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Reflecting on Buffalo Bills WR Zay Jones’ uninspiring rookie season

Jones had a rough debut, but was it really all that bad?

NFL: Buffalo Bills at New York Jets Vincent Carchietta-USA TODAY Sports

The Buffalo Bills’ 2017 second-round pick, wide receiver Zay Jones, did not live up to expectations many had for him entering this past season. The hype surrounding Jones began when the Bills traded up in last year’s draft to select the East Carolina product, who set the career FBS record for receptions over the course of his four seasons there, 37th overall. The ECU star finished his career with a 399 receptions, 4279 receiving yards and 23 touchdowns.

Expectations for Jones only grew bigger after the Bills dealt former fourth overall pick Sammy Watkins to the Los Angeles Rams in August, thereby clearing way for Jones to become the team’s top option out wide, at least until Kelvin Benjamin was acquired midway through last season, anyway.

The end result: Jones finished 2017 with just 27 receptions for 316 yards and two touchdowns; good for just fourth, fifth, and second, respectively, among all Bills pass-catchers.

Historically speaking, wideouts generally haven’t fared very well in their first year in the league. Data complied by Football Ousiders, shows that it usually takes wideouts a few seasons to break out.

With that in mind, was Jones’ season really all that bad? Let’s find out by comparing Jones’ rookie campaign with those from some of the other wideouts from the class of 2017, particularly those who were drafted ahead of him.

Jones finished 2017 in rookie Top 10

In receptions, total receiving yards, yards per game, and touchdowns, Jones finished ranked eighth, ninth, 10th, and tied for fifth, respectively.

Here’s how the four receivers drafted ahead of Jones performed in 2017:

  • Corey Davis (fifth overall), Tennessee Titans: 34 rec, 375 Yds, 34.1 Yds/G, Catch % 52.3, zero TDs in 11 games
  • Mike Williams (seventh), Los Angeles Chargers: 11 rec, 95 yards, 9.5 Yds/G, Catch % 47.8, and zero TDs in 10 games
  • John Ross (ninth), Cincinnati Bengals: 0 Rex, 0 Yds, 0 YDs/G, Catch % 0.0, zero TDs in 3 games
  • JuJu Smith-Schuster (30th), Pittsburgh Steelers 58 Rec, 917 Yds, 65.5 Yds/G, Catch % 47.8, and seven TDs in 14 games

And the next wide receiver taken after Jones:

  • Curtis Samuel (40th) - Carolina Panthers: 15 Rec, 115 Yds, 12.8 Yds/G, Catch % 57.7, and zero TDs in nine games

Jones’ dreadful catch percentage of just 36.5 was repeatedly brought up by many as a knock on his game. Later, we’ll explore two factors that may or may not have played a role in this number being so low.

Overall, though, Jones’ stats were nothing to boast about, but as mentioned previously and further evidenced in the stats graphic, very few rookie receivers actually end up putting up numbers worthy of truly being proud of.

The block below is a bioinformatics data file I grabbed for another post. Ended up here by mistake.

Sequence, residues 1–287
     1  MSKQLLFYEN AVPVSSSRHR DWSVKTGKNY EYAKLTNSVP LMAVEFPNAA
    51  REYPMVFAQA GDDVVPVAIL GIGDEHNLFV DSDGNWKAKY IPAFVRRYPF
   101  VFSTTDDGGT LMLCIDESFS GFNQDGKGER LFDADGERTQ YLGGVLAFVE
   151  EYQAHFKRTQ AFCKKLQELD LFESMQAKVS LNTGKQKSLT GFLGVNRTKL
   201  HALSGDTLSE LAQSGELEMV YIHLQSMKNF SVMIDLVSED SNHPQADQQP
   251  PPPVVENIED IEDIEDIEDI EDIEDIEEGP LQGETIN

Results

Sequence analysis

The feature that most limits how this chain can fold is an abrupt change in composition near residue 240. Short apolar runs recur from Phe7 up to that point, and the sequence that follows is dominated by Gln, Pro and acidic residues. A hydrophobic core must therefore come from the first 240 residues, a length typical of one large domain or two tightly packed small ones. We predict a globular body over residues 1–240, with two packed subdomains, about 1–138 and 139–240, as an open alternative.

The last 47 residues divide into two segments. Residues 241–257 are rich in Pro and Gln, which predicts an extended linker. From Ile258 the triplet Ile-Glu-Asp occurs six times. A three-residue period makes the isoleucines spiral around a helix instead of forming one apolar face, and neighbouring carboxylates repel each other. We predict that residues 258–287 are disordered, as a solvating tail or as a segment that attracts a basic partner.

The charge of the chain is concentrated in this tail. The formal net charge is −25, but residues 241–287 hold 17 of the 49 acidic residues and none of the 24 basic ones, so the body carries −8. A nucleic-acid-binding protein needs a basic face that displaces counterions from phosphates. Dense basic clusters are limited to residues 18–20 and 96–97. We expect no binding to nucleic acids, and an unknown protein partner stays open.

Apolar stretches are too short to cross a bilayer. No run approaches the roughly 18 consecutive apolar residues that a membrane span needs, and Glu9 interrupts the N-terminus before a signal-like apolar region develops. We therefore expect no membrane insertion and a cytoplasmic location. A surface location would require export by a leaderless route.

Buffalo’s dreadful passing attack, and Jones’ recently revealed injury

Generally speaking, most athletes tend not make excuses for when they perform poorly, I like to generally shy away from letting them off in the hook in this regard as well, but a couple of factors worth mentioning when evaluating Jones’ 2017 performance: Buffalo’s 31st-ranked passing attack, and Jones shoulder injury, which was revealed by his father a week after the team’s playoff loss to the Jaguars.

Nearly all of the rookie wide receivers listed above had the benefit of catching passes from proven, or at the very least, respected passers, while Jones meanwhile was catching balls from Tyrod Taylor, a QB many do not respect as a passer, and one who had his worst season since becoming the Bills starter in 2015. Taylor was just one half of the equation, however, the other was now ex-offensive coordinator Rick Dennison, who was fired earlier this month after just one season on the job.

In regards to his shoulder injury, Jones’ father, Robert, a former Pro Bowl linebacker and three-time Super Bowl Champion with the Cowboys , told Rob Quinn of BillsWire that his son played with a torn labrum for the majority of last season and would require surgery to repair it.

On Jan. 16, Jones shared on Twitter that he had successful undergone surgery.

Take the team’s offensive struggles and Jones injury for what you will, but I would be remiss to not mention either


Did Jones have a subpar season? Absolutely. Did his fellow rookie wideouts severely outperform him? Absolutely not. Was his performance in line historically with how other receivers have struggled as rookies? Sure was.

I bring all of these points up to say that I have no real idea how Jones will fare going forward. Perhaps he remains healthy next season and thrives in new Bills offensive coordinator Brian Daboll’s offense, that very well could feature a new starting QB. I don’t know. But one thing I’m certain of is that those rushing to write off Jones should at least wait till he’s had another year to develop. Like head coach Sean McDermott’s mantra, with wide receivers you’re better off trusting the process.